“Akram is not interested in my poems as poems, he is very clear that it is the story or mood, the content which he will mould into his language or languages for stage: movement and visuals and music.”

Khan and dramaturg Ruth Little attempted to stretch and deliver a slender narrative of male domination and female vengeance over 60 minutes with three dancers (Akram Khan, Ching-Yien Chien and Christine-Joy Ritter) and four musicians (Sohini Alam, David Azurza, Yaron Engler and Vincenzo Lamagna) with little success.

Don’t ask me who’s influenced me. A lion is made up of the lambs he’s digested, and I’ve been reading all my life.” Charles de Gaulle

My ears feasted on a driving and insistent live percussive score — an evocative vocal intensity, bordering on the shamanic, intoxicated me with a fervour, tension and delicious agitation; but my eyes nibbled on unimaginative repetition, 2D characters who didn’t want to connect with me and chasms of flabby, empty space. I felt little sense of drama, found no invention or choreographic hunger and left with a jarring sense of disappointment at this mismatched marriage of sound and vision.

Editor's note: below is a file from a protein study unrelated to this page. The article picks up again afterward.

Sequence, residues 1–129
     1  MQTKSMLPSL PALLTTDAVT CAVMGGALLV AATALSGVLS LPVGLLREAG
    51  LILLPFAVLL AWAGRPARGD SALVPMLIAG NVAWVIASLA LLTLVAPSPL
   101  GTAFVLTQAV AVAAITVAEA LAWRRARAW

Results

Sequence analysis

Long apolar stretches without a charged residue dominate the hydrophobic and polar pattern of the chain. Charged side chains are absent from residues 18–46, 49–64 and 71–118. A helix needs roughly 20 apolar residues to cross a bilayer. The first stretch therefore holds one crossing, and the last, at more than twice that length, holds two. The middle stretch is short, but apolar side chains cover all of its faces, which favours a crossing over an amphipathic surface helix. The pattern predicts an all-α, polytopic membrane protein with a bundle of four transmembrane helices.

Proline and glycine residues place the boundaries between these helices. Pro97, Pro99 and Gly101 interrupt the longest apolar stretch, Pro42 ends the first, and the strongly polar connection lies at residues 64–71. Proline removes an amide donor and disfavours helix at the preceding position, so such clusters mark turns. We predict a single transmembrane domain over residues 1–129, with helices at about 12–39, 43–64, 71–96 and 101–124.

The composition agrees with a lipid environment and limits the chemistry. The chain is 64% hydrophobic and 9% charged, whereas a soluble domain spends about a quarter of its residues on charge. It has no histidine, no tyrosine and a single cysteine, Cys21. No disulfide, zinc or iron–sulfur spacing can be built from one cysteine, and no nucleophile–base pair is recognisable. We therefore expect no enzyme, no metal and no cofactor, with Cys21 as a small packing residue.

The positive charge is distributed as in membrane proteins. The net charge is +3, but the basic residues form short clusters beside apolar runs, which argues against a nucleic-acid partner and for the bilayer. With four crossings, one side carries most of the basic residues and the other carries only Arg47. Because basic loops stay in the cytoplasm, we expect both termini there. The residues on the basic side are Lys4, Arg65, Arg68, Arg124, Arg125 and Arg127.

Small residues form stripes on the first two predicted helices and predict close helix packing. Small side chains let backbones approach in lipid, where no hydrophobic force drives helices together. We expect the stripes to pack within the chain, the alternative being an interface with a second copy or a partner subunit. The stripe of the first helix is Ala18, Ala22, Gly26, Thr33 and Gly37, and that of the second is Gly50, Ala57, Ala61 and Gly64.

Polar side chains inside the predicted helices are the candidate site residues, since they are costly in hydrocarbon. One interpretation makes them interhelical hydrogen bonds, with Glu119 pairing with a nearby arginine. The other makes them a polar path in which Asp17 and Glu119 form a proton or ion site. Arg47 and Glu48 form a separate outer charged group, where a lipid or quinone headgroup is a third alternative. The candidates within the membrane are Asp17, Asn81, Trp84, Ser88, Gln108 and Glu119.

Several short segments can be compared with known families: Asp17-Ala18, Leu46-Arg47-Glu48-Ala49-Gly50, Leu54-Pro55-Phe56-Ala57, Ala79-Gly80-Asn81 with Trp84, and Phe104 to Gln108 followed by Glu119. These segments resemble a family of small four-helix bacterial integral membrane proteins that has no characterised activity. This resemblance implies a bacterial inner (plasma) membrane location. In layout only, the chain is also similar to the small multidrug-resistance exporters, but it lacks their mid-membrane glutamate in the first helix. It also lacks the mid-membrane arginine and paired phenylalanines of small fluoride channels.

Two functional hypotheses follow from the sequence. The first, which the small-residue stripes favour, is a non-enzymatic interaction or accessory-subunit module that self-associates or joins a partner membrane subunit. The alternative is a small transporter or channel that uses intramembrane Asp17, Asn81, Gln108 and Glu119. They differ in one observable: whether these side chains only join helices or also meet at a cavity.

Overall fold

There were too many examples of circumference running and walking which drained any pace and sagged any momentum being created by the urgent and cohesive soundtrack. As the performance developed I saw little nous or demonstration of the craft required for performances in the round. The centre of the stage is the weakest point for a performer as it’s here that half the audience cannot see the front of the body or face; yet Khan focused so much choreographic and illuminated action on this section of the stump.

However, there was a moment (around two thirds of the way through) when I felt an equality; the compositional and choreographic power aligned as Ritter began to take on a new form to vanquish her male nemesis. Here she writhed, scuttled and possessed arachnid qualities, totally inhabiting the movement, whilst my ears were possessed with voodoo screeches and relentless twitchy beats — it was in this moment I was magnetised; I zoomed in and wanted more. As a performer Khan was consistently rigid, restive and demonstrated little Kathak fluidity and I couldn’t understand the intention behind his own choreographic choices as it served only to highlight the lack of depth in the characters and narrative.

A lion among ladies is a most dreadful thing” William Shakespeare